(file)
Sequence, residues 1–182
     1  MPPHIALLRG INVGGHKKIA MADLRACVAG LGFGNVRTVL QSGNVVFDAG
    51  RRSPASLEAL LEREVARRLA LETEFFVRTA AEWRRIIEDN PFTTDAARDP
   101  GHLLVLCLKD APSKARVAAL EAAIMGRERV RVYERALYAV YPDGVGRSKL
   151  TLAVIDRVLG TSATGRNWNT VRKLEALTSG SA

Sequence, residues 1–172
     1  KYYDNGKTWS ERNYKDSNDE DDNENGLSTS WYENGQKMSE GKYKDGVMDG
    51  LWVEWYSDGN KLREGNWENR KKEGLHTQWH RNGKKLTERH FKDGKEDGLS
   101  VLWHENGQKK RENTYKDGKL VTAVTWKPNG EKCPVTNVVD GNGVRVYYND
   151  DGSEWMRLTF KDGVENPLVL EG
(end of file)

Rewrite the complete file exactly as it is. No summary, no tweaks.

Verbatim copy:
Sequence, residues 1–182
     1  MPPHIALLRG INVGGHKKIA MADLRACVAG LGFGNVRTVL QSGNVVFDAG
    51  RRSPASLEAL LEREVARRLA LETEFFVRTA AEWRRIIEDN PFTTDAARDP
   101  GHLLVLCLKD APSKARVAAL EAAIMGRERV RVYERALYAV YPDGVGRSKL
   151  TLAVIDRVLG TSATGRNWNT VRKLEALTSG SA

Sequence, residues 1–172
     1  KYYDNGKTWS ERNYKDSNDE DDNENGLSTS WYENGQKMSE GKYKDGVMDG
    51  LWVEWYSDGN KLREGNWENR KKEGLHTQWH RNGKKLTERH FKDGKEDGLS
   101  VLWHENGQKK RENTYKDGKL VTAVTWKPNG EKCPVTNVVD GNGVRVYYND
   151  DGSEWMRLTF KDGVENPLVL EG